Helen Skelton made it down 2,000 kms of water becoming the first woman to do so and also setting the record for the longest 24-hour paddle by a woman. All wrapped up in blister tape by the end, I wonder what she'll do with it? The video shows just how tough it was.

What do you think - are charity events like this really of benefit?


Friday, August 20, 2010

Bruising boxing book by Mischa Merz

Book image Vulgar Press
What happens when a journalist takes up boxing later in life? Six months after she started a boxercise class, 29 year old Aussie Mischa Merz saw off an attempted mugging and was inspired to move onto boxing classes. First printed ten years ago, she has republished "Bruising" with updates on her fights and recent training sessions at Gleasons in NYC.

The book is top-heavy with feminist thought and quotes from critics like Lynne Segal. But what keeps your attention is her journey from regular joan to fighter. Watching her discover what she calls "...this new world of simplicity" in training, diet and exercise, you want to tell her to think less and punch more but she finds that out for herself as she improves. Or you could say as the addiction grows. Some of the more fem-sport issues she raises include how hard it can be to balance growing in strength and muscle with looking like a woman. A relief to note that this isn't so much of an issue in western countries as it was when she started back in the '90s. Although it is puzzling she was never able to fight in her homestage of New South Wales thanks to some arcane laws relating to women's boxing. On the plus side, we have some entertaining thoughts on how hard it is for women to stop saying "Sorry" when we hit each other. Well-worth a read, even if I did skip some of the 1980's fem-thought pages.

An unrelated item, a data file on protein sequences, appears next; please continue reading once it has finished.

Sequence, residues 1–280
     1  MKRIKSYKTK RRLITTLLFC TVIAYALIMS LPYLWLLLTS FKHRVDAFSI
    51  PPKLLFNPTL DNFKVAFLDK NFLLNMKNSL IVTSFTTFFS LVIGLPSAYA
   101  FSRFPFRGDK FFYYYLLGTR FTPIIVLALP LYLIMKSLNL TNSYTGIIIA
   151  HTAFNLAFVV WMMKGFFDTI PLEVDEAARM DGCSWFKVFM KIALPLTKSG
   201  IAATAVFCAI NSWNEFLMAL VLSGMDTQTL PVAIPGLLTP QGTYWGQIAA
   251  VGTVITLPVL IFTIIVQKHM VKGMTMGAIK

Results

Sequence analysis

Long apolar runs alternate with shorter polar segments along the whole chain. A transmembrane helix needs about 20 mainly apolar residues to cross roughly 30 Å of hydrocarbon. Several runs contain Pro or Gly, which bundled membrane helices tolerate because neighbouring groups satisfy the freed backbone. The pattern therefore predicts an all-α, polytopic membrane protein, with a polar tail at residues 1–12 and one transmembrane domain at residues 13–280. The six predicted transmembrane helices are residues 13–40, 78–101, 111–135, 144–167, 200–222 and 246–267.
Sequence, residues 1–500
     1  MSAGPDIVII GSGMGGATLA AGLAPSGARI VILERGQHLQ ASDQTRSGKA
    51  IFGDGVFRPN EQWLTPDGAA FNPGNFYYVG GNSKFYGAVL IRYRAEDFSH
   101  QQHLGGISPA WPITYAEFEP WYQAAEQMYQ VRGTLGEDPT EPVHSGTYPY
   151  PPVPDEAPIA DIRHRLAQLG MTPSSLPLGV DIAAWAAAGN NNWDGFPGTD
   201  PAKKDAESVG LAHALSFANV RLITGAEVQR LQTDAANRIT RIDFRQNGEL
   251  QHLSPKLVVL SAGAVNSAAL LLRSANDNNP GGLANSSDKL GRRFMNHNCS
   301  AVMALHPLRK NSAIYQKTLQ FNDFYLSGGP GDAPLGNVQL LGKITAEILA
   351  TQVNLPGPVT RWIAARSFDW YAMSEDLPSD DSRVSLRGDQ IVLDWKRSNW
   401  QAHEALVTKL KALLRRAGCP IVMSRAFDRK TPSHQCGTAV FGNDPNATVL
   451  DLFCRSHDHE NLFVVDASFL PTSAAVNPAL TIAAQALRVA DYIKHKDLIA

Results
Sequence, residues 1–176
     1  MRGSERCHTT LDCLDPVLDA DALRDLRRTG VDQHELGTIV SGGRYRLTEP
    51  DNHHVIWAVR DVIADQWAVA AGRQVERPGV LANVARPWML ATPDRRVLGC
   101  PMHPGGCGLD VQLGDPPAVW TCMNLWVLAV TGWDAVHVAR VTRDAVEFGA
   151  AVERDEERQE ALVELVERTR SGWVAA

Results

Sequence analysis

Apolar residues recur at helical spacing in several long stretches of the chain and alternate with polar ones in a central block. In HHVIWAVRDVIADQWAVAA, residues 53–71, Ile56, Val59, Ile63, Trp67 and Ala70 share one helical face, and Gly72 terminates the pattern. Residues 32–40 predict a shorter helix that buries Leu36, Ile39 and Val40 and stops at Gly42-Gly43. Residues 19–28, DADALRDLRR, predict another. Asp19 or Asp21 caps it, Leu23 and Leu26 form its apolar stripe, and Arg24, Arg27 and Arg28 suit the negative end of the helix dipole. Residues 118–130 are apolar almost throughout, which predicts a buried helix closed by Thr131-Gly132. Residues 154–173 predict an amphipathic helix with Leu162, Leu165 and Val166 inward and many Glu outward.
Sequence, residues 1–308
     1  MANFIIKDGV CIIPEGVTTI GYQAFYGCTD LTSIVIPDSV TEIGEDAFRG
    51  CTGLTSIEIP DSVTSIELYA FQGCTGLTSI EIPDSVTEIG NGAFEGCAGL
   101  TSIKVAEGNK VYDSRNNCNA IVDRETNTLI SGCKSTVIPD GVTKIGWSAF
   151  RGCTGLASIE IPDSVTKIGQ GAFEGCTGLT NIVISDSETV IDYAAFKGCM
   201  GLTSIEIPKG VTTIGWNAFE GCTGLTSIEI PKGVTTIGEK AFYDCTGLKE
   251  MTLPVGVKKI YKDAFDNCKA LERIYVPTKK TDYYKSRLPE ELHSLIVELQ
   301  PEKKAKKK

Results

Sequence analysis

You can read more about Merz or order the book from her website Mischa Merz

Monday, August 16, 2010

Women Boxers in Afghanistan

The build-up to the London Olympics is already well under way. One of the biggest excitements for me will bet  watching women compete in the amateur boxing section. Hard to believe they justified keeping women out of that for so long, but everything comes to those who wait.

One gym preparing for this is in Kabul, Afghanistan. A group of women who started training under an NGO-sponsored programme in 2007, just having fun and learning to get fit, are now the official Afghan Women's Boxing team. Rahmi pictured above and a team-mate will compete in the AIBA qualifiers on September 6th. There have been quite a few stories about them in the press lately, no doubt because seeing women boxing makes a better story than looking at other ways in which some Afghan women are still struggling to find their path. One BBC journalist described the gym as a visible sign of the progress he had been hoping to find, while one of the boxers said in an Irish Times interview : "Girls in Afghanistan shouldn’t be afraid of anything. Our country needs them."

Looking forward to meeting more boxers as the Olympics draw closer, like Mary Kom. 

Sadaf Rahimi, Afghan Women's Boxing Team pic Majid Saeedi

Wednesday, August 11, 2010

Emily Valenine First Female Rugby Player 1887

So you have probably noticed that this blog is usually dedicated to women doing individual sports. It's not that I have anything against teams, just that some boundaries are needed or I'd never leave the computer. But with the Women's Rugby World Cup kicking off (cough) on August 20th over in London, it's time to squeeze in a few off-topic posts.

Emily Valentine, from IRB site
To begin at the beginning, Irish woman Emily Valentine was the first woman recorded playing rugby. Scrum Queens blog tracked down papers from her family which show that she played in 1887 with her school team in Enniskillen when she was ten. In a sign of the times, she makes reference to the cumbersome clothing she had to wear saying: "I loved rugby football, but seldom got a chance to do more that kick a place-kick or drop goal, but I could run in spite of petticoats and thick undergarments, I could run." And in this extract, we can see the first time Valentine got to play: